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The Funding of Palestinian Refugee Compensation

Source: FOFOGNET Digest (revised version, March 1996)

by Rex Brynen, McGill University

Compensation has been almost universally seen by analysts of the Arab-Israeli conflict as a central and necessary feature of a final settlement of the refugee issue. Estimates of compensation amounts, however, have been driven by calculations of Palestinian property losses in 1948, together with a possible component for human capital losses and moral reparations. In the early 1950s, the UN Conciliation Commission for Palestine estimated the value of lost Palestinian property at £122 million, or approximately $1.85 billion 1990 US dollars. At that time the Arab League countered with its own estimate twenty times greater, worth over $35 billion in 1990 dollars. Yusif Sayigh estimated lost Arab property at £757 million in 1948 ($11.5 billion).[1] Atif Kubursi and Sami Hadawi calculate 1948 losses--including material losses, human capital losses, and psychological damage--at up to $92-147 billion in 1984 prices.[2] Rashid Khalidi cites a possible figure of $40 billion, based on an assumption of $20,000 for each of 2 million eligible refugees.[3]

In practice, however, the amount made available for refugee compensation may depend less on the valuation of Palestinian losses in 1948 than on political circumstances and the availability of regional and international resources. This paper attempts an exploratory examination of the issue of resource availability. In doing so, it ignores the moral imperatives of historical justice--imperatives which, this author believes, require that Israel offer substantial redress for the refugee displacements and property seizures of 1948 and 1967. Such an investigation is, of course, a highly speculative undertaking. Nevertheless a preliminary exploration highlights the potential financial and political difficulties posed by resource scarcity, and suggests an agenda for further reflection, study and political action.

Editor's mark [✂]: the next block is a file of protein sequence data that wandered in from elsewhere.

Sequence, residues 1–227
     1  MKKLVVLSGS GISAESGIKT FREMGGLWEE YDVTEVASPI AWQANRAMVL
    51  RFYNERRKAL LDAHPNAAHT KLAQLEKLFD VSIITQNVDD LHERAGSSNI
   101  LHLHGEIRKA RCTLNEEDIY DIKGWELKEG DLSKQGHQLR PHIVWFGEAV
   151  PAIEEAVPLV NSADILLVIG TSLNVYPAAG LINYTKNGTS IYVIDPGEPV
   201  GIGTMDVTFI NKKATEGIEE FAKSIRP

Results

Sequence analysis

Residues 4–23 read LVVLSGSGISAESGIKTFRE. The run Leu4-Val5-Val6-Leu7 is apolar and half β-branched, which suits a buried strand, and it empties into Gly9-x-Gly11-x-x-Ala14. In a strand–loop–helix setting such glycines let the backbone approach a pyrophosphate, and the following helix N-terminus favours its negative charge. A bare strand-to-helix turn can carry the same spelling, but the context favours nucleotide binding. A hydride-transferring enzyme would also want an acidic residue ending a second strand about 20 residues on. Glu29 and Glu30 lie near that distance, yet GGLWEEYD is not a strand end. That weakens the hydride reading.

The primary source of funds anticipated by most analyses of the Palestinian refugee issue is Israel. This source is anticipated in United Nations General Assembly Resolution 194 (1948), which states that “compensation should be paid for the property of those choosing not to return and for loss or damage to property which, under principles of international law or in equity, should be made good by the governments or authorities responsible. [emphasis added]” This position has been implicitly reiterated in a host of subsequent UN resolutions, and represents the current stance of both the Palestinian Authority and other Arab governments. It has also been reflected in most scholarly analyses of possible final status arrangements for the refugee issue. Shlomo Gazit, for example, suggests that there are “positive political and pragmatic considerations in favour of Israel paying compensation to the Palestinians.” Indeed, he argues, “the process of paying compensation to refugees is likely to be of great psychological value in contributing towards normalization.” He has proposed an amount of $5-10 billion.[4]